As we’ve been harshly reminded, schools can sometimes be exposed to great danger. The tragedy last month got me thinking about what we are doing in schools in Mailuu-Suu, Kyrgyzstan. Although the threat is different, the response is the same – we are working to reduce the risks and make things safer.
Mailuu-Suu was where the Soviet Union mined uranium for the first atomic bomb. Since then, residents have been living with this tragic legacy. Radiation literally flows out of the taps in Mailuu-Suu. But you wouldn’t immediately spot the danger just by looking at the water or the surroundings.
In one school’s neat cafeteria (pictured), where pretty pink curtains frame the windows, and rows of tables are set with lace tablecloths and colorful mugs, children were eating food cooked with contaminated water every day. Overlooking the room, as if to obscure Mailuu-Suu’s position as one of the world’s worst polluted places, is a poster of a pristine lake flanked by lush mountains and trees. Outside, the children were washing their hands and faces, and drinking water filled with radioactive particles out of a tap in the yard. Mailuu-Suu’s schools were preparing these children for a bright future, which they might not have because of the constant, everyday poisoning.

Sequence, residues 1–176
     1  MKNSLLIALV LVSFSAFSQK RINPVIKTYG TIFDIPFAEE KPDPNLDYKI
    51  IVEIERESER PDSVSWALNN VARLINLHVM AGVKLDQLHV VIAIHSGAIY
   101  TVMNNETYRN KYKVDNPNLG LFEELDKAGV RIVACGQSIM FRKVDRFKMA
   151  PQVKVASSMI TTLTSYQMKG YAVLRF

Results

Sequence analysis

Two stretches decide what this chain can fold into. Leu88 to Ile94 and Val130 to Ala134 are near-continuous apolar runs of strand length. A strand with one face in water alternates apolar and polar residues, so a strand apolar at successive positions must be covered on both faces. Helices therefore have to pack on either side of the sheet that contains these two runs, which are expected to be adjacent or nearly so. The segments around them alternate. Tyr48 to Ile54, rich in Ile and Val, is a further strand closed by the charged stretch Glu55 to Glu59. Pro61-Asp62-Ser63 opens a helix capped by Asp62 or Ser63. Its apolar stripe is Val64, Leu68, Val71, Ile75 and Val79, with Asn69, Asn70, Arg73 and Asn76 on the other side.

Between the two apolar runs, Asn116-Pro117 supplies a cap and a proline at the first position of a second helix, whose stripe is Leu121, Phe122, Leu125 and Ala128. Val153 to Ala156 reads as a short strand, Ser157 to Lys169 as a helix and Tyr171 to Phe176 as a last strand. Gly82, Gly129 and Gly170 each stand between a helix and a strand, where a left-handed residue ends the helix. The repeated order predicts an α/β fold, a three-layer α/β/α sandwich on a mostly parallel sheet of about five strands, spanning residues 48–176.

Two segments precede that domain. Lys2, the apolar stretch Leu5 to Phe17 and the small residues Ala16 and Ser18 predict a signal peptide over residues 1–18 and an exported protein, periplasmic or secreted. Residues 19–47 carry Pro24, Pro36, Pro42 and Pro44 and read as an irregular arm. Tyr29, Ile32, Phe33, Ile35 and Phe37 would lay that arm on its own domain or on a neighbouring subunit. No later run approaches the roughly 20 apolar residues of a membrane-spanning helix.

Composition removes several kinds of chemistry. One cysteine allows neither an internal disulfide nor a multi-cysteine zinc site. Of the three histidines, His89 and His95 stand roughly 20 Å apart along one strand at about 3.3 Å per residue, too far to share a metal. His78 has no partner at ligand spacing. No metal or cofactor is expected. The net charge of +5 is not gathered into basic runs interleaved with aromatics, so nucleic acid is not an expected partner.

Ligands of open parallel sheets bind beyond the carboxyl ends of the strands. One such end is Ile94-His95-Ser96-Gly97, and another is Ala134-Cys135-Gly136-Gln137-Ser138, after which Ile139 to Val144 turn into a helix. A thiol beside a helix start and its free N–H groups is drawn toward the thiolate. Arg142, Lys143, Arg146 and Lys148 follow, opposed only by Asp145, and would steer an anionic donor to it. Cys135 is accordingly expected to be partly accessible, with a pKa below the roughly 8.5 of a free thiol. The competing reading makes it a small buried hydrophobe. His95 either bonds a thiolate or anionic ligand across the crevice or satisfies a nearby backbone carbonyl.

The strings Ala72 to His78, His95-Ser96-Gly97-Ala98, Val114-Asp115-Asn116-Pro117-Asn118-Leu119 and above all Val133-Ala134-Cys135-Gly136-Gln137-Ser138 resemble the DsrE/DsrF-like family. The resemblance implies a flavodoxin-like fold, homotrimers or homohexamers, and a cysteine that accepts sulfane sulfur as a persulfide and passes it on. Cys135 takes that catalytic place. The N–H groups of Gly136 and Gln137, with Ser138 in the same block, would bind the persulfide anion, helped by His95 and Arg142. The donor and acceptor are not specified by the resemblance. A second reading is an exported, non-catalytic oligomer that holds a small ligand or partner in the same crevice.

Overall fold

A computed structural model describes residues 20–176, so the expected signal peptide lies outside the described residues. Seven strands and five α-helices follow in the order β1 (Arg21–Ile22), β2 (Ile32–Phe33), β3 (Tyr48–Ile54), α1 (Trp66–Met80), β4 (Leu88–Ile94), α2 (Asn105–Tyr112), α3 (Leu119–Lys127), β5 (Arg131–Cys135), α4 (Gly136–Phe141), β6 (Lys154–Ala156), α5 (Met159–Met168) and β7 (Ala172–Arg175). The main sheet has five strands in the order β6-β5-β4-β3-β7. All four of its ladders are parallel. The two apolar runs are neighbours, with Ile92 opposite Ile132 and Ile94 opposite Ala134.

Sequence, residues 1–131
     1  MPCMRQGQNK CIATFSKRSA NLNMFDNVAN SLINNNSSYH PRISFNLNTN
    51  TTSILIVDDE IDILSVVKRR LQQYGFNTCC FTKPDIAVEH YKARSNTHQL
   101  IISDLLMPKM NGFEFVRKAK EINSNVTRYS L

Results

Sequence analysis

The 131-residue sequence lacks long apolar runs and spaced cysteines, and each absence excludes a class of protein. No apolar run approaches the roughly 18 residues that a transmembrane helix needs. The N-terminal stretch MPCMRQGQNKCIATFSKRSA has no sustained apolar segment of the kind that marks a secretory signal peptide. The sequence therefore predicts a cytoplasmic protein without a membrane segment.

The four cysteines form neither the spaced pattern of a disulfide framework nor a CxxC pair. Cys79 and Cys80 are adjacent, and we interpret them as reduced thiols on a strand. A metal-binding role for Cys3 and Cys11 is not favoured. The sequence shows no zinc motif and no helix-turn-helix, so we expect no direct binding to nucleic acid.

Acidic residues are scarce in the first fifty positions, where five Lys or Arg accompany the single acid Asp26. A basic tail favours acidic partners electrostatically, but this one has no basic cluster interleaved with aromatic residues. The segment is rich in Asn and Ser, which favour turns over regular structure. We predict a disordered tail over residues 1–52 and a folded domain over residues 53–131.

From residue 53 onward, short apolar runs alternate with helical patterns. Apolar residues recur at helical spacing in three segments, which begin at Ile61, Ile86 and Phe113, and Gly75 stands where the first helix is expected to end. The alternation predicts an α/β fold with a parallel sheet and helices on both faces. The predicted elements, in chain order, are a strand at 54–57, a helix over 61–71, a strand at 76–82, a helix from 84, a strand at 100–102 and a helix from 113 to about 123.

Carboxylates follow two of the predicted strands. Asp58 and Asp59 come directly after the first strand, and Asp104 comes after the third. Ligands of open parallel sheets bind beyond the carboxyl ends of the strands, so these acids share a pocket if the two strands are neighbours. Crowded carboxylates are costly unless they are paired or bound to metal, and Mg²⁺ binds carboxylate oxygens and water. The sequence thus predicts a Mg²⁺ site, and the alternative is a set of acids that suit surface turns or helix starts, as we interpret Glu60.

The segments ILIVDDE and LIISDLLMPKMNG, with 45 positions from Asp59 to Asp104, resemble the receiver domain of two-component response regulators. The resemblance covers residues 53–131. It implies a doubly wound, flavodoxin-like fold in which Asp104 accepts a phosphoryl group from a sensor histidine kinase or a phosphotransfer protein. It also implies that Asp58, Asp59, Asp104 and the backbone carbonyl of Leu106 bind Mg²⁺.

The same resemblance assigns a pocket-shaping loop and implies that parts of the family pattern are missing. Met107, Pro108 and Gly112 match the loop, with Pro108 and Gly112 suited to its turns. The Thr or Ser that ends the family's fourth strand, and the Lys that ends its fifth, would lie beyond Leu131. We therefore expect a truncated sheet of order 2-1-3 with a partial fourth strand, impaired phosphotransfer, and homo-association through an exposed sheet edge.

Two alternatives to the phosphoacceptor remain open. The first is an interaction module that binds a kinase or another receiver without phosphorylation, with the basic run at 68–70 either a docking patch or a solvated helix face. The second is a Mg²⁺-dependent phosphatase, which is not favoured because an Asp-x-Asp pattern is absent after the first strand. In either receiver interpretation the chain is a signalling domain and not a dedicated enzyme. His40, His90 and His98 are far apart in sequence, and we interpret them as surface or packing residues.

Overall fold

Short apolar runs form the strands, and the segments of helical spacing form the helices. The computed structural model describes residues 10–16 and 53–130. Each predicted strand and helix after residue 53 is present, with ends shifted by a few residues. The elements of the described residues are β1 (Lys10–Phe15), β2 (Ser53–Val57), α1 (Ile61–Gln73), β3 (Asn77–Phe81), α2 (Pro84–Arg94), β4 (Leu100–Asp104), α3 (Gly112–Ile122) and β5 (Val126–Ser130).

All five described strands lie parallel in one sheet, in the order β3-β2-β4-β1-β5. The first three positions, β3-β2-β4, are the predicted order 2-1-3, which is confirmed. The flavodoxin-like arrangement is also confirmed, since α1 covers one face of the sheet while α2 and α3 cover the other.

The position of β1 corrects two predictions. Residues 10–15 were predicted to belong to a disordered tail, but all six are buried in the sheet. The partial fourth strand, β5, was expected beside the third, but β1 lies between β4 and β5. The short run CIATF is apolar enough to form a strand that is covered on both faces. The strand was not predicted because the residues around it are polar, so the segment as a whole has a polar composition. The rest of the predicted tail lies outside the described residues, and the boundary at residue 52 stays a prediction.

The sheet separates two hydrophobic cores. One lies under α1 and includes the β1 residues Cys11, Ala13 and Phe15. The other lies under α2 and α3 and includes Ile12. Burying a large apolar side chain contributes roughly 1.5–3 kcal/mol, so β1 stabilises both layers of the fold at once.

It is a complex problem that cannot be solved quickly. The contamination is everywhere. We had to start somewhere. So what we did was to focus on reducing the risks to the most vulnerable. We began installing water filters in schools and the hospital.
While each filter is supposed to last for 3 years, in Mailuu-Suu they are useless after just 9 months because of the severe levels of contamination. Until the entire community is cleaned up, we will just have to keep replacing these water filters. It is the last line of defense for these children.
It is not the ideal solution but it is working. It is reducing the health risks to these children. There is still much work to do and the threat remains. But we cannot just do nothing and we cannot wait for a perfect solution. We must do what we can to make a difference now. This is true in Mailuu-Suu. And it is true here in the U.S.